Sightings of L. chrysomelas groups in higher altitudes do not necessarily mean that they use resources or reproduce in these areas. A third explanation is that they continue to be low-elevation species and only use higher-altitude forests for travel or dispersal, traversing slopes and peaks with limited or absent resources for the same reasons they cross open fields (B. Raboy pers. obs.). In the GHLT Connection, we observed that higher elevation forests tended to be better preserved than many of those in lower elevations. Summits at higher elevation in the west often stood as forest islands surrounded by cattle pasture. The steeper terrain and rise in elevation decreases its accessibility or suitability for certain forms of agriculture. Moreover, Brazilian legislation (Forestry Code/Federal law 4771/65 and CONAMA resolution 303/02) considered areas of steep terrain slopes (>45 degrees), hill and mountain tops (above 2/3 height in relation to the base) and high altitude (>1800 m) as Areas of Permanent Protection (APP; CONAMA 2002). APPs must preserve the original native vegetation and may not be used for production (Sparovek et al. 2010). Although L. chrysomelas resource quality has not been quantified in these areas, forested hilltops certainly provide L. chrysomelas with cover and protection from predators.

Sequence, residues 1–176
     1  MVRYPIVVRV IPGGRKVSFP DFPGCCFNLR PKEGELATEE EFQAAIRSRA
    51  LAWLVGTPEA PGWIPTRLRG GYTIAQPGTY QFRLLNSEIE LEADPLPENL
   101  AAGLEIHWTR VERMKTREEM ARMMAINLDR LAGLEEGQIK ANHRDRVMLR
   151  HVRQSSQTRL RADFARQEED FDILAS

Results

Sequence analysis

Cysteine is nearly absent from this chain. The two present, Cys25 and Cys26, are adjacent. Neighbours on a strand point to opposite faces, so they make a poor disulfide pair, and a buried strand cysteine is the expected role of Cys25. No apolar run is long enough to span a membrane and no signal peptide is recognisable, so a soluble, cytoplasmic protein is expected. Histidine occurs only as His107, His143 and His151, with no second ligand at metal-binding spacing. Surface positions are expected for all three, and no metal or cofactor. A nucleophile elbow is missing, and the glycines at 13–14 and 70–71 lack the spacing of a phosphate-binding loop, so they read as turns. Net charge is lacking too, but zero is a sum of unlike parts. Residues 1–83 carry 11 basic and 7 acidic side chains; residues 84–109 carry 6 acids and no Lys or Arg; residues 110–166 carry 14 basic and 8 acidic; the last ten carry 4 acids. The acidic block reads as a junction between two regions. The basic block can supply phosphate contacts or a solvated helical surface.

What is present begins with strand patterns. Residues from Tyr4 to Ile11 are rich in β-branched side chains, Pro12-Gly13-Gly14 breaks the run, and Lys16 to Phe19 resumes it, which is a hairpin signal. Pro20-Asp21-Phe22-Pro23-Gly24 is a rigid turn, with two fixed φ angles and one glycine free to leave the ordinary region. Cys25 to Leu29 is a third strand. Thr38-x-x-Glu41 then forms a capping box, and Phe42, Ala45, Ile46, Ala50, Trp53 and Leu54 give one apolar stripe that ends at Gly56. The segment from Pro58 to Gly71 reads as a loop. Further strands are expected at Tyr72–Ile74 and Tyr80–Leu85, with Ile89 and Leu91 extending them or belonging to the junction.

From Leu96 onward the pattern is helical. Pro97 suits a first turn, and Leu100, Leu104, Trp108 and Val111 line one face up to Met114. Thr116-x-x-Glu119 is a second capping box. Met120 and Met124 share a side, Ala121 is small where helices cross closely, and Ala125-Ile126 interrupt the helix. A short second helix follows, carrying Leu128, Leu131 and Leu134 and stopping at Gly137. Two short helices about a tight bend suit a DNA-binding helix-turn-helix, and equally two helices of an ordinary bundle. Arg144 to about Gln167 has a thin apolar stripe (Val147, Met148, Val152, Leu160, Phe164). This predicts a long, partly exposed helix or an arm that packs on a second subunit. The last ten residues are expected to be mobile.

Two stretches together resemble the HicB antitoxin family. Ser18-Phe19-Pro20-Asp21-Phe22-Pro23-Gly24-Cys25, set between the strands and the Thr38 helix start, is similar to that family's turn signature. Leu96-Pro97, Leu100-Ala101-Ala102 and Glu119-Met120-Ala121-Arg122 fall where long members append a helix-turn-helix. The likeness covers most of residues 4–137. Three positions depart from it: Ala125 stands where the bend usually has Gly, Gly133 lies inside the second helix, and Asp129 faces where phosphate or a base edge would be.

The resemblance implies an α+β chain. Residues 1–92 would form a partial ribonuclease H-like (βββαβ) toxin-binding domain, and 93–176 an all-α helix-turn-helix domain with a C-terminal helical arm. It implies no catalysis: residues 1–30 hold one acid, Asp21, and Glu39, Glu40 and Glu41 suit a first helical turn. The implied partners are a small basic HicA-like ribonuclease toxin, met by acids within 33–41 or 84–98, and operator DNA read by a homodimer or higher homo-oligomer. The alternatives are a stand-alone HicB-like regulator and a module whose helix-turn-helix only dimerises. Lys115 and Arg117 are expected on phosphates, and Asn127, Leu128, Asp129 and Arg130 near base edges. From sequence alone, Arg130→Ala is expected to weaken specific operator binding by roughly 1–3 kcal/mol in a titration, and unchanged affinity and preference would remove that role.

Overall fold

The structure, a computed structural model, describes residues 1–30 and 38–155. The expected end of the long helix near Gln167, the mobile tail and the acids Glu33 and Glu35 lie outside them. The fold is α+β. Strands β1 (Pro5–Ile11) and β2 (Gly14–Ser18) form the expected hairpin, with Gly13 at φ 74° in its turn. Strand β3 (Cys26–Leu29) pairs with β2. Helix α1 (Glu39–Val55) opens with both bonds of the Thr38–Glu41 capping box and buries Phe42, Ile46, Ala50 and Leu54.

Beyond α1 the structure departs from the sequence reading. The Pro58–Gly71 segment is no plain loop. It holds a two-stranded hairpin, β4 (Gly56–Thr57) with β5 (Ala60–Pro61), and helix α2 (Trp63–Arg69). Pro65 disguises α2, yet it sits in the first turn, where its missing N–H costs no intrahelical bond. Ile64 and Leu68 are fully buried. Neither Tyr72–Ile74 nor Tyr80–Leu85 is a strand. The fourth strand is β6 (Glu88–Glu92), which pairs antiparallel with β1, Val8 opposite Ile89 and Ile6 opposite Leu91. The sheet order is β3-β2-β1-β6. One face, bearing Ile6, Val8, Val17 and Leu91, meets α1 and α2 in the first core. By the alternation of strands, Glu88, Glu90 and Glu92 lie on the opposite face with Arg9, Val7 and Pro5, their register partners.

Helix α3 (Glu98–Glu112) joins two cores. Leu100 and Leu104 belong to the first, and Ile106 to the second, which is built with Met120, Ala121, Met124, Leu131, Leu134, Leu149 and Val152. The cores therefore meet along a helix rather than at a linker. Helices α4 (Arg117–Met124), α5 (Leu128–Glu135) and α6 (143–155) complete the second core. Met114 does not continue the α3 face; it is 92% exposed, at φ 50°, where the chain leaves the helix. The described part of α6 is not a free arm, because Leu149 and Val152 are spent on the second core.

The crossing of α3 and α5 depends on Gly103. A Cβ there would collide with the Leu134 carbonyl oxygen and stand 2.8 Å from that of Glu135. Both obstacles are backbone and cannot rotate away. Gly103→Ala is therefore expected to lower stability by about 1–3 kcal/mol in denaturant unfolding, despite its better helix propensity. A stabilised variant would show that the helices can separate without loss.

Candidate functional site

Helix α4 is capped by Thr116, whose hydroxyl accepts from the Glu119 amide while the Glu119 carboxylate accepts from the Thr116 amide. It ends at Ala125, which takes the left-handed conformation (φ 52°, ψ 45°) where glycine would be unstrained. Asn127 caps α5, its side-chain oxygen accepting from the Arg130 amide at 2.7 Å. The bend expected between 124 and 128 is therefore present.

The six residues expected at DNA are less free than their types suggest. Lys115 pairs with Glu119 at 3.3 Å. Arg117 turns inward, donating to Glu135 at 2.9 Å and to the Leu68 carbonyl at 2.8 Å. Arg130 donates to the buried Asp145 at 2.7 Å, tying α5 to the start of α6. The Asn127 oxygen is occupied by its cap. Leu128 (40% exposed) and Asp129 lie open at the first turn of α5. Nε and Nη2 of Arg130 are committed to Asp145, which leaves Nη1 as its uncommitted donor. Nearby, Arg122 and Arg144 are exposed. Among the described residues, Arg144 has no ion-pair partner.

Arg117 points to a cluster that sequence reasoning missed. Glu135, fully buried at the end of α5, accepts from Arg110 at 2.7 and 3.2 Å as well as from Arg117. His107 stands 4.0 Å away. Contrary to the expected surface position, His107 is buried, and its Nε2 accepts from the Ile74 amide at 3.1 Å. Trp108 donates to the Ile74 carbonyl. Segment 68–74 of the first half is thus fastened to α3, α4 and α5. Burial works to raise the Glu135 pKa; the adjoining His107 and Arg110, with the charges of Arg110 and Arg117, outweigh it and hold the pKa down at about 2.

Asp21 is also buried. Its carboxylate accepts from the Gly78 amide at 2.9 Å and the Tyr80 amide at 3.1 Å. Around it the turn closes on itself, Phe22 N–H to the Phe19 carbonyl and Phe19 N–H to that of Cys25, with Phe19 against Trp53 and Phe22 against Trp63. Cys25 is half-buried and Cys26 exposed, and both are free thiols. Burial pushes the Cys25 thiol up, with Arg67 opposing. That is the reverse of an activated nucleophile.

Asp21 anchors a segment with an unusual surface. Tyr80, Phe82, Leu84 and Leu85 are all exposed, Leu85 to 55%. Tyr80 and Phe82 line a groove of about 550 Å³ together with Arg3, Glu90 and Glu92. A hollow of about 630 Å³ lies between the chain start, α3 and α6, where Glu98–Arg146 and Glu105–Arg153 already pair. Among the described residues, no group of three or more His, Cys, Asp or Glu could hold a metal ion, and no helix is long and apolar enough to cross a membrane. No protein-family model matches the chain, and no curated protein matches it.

Increasing the known upper elevational limit to which L. chrysomelas finds resources, reproduces or travels within has implications for conservation planning in that it increases the available habitat. Assuming the higher-elevation habitat is suitable for finding resources and breeding, it provides refugia from the degradation and fragmentation of the lowland forests. If high elevation forests serve only as a conduit—a corridor—for dispersal and gene flow between lower-lying populations, this still has strong conservation implications, increasing the potential functional connectivity of existing fragments. Increased connectivity facilitates gene flow in the metapopulation, which is at present extremely fragmented (Raboy et al. 2010; Zeigler et al. 2010).

Prior conservation modeling predicting future L. chrysomelas abundance excluded the possibility that L. chrysomelas used forest above 400 m. Holst et al. (2006) conducted a Population and Habitat Viability Analysis (PHVA) for populations of L. chrysomelas in two areas containing high elevations—the Serra do Baixão and Serra das Lontras. While the estimated overall areas were 32,089 ha for Serra do Baixão and 8,015 ha for Serra das Lontras, the areas deemed suitable for L. chrysomelas were only 13,782 ha and 1,668 ha respectively, principally due to the large amount of forest above 400 m elevation in these locations. If L. chrysomelas uses elevations greater than the upper limit of 400 m for maintaining territories and breeding, the predicted outcomes for population size and probability of maintaining genetic diversity in those locations could be considerably underestimated. Recent work with howler monkeys (Alouatta pigra) in cloud forest of Guatemala indicated use of much higher altitude than previously thought. The authors suggest these regions will become important for species conservation and must be included in updated estimates of the species range (Baumgarten and Williamson 2007).